US regulators up scrutiny of transport workers

US regulators up scrutiny of transport workers

Truck crash fatalities increased 11 percent from 2012 to 2017, according to the Department of Transportation Office of the Inspector General (DOT OIG). Photo credit:

Are truck drivers evading medical rules meant to ensure they’re healthy enough to operate their rigs? US investigators believe so, and they’re reviewing procedures to ensure drivers are properly screened and to uncover fraud in truck driver medical certification.

The Department of Transportation Office of the Inspector General (DOT OIG) last month launched an audit of the Federal Motor Carrier Safety Administration’s (FMCSA’s) medical certification procedures and its registry of medical examiners, citing several instances of medical fraud and an 11 percent increase in truck crash fatalities from 2012 to 2017.

The DOT OIG audit is one example of how federal regulators are tightening control of truck and bus drivers to ensure they comply with US rules, keeping unqualified drivers off the road and reducing accidents and fatalities. The aim of those actions, which include the electronic logging device (ELD) mandate, is to strengthen compliance with regulations to improve highway safety, but they will also eventually put pressure on shipping costs as the pool of available and qualified truck drivers shrinks.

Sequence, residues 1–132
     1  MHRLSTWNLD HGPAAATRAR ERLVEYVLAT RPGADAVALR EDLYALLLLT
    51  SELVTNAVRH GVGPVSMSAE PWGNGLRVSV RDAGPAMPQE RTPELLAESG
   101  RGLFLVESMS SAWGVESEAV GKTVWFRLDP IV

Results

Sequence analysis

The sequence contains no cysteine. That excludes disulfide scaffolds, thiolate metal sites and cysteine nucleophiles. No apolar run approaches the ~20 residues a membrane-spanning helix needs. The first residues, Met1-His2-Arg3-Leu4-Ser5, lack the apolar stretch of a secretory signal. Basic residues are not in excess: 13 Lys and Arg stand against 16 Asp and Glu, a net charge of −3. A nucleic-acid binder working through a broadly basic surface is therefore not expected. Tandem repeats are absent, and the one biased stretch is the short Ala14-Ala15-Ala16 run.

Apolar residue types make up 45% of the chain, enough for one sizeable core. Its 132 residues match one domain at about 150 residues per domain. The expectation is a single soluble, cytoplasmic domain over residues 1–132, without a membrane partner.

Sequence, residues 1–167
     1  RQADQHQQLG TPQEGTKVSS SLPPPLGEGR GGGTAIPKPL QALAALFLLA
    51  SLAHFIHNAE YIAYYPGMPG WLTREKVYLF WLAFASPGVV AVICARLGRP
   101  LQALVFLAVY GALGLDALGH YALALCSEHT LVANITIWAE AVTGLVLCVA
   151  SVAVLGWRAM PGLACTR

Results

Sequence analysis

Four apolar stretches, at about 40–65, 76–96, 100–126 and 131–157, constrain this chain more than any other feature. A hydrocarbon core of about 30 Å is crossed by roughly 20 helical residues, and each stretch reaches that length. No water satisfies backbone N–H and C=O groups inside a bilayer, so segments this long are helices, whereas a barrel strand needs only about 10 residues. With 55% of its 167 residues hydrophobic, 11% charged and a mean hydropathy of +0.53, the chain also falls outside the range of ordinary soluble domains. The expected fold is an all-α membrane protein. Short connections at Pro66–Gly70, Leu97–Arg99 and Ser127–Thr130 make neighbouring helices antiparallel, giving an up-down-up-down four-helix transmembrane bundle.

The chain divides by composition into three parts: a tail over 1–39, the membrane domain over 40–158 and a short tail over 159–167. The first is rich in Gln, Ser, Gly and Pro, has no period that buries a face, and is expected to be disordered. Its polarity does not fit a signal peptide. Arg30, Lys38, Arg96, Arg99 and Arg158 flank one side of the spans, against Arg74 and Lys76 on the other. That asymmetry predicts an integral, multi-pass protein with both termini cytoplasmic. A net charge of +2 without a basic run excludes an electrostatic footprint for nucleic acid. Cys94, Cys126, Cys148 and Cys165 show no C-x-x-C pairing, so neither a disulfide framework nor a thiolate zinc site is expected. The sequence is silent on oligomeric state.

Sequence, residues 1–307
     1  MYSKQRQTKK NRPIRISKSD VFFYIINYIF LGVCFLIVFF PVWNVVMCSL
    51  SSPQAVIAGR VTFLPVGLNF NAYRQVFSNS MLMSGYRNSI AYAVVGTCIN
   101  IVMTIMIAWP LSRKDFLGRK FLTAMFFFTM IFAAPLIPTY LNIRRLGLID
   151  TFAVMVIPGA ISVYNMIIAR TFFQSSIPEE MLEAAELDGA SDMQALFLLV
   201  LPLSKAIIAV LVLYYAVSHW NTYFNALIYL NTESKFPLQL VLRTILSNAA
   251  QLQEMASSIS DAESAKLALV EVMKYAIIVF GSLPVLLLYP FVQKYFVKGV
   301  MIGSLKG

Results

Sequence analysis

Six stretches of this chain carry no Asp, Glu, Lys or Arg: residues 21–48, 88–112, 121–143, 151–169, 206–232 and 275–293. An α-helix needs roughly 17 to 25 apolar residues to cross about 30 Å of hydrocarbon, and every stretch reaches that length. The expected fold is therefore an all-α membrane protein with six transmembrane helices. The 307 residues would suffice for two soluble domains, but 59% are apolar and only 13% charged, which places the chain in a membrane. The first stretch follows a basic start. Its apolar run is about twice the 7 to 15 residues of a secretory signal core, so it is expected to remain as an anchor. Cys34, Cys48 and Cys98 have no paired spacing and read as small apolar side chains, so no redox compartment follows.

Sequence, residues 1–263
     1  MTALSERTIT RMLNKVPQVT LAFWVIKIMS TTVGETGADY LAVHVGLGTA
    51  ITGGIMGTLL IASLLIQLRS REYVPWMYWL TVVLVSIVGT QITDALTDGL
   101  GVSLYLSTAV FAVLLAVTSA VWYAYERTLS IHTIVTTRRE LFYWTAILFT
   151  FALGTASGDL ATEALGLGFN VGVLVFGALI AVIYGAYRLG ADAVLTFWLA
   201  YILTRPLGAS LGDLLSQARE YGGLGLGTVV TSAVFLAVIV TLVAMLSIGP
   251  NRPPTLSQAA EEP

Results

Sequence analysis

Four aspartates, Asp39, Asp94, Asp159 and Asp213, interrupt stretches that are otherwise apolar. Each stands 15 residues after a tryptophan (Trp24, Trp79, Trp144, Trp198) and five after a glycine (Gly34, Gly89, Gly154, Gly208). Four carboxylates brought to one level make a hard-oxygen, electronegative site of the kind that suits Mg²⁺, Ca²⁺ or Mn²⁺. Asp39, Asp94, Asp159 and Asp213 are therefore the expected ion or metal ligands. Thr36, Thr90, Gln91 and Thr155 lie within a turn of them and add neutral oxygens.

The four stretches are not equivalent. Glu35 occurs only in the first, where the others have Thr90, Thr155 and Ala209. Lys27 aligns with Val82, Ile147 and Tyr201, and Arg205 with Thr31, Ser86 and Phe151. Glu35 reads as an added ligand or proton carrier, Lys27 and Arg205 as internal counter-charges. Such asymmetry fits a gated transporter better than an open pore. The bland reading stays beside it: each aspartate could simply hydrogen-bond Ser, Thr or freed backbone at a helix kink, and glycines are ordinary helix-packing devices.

And truck drivers aren’t the only transportation workers under scrutiny. The DOT OIG is also auditing Federal Railroad Administration and Federal Aviation Administration drug and alcohol testing programs, pointing to positive drug tests as the likely culprit in a fatal 2016 rail accident.

‘Significant safety risk’

As part of the audit, the DOT OIG will review the FMCSA’s oversight of its medical certificate program and validate the information in its National Registry of Certified Medical Examiners. Interstate truck and bus drivers are required to pass a physical exam and obtain a certificate valid for two years.

Fraudulent medical certificates, sometimes issued by unqualified practitioners, pose a “significant safety risk,” the DOT OIG said in a memorandum announcing the audit. In the past five years, OIG medical certificate fraud investigations have resulted in eight indictments and six convictions.

In January, Alabama chiropractor Kenneth Edwards was sentenced to 37 months in prison and a $10,000 fine for a scheme to submit falsified trucker medical examinations to the FMCSA through two unqualified assistants. One assistant received 36 months’ probation. Edwards operated Back & Neck Rehab in Phenix City, Alabama, which advertised that it performed DOT medical examinations. However, his unlicensed assistants conducted many of the physicals, sometimes failing to perform required tests and submitting false results.

The potential number of falsified medical certificates is unknown, but DOT efforts to improve the technology behind its national registry and share data with states will make it more difficult for doctors to defraud the government and certify unsafe drivers.

Contact William B. Cassidy at and follow him on Twitter: @willbcassidy.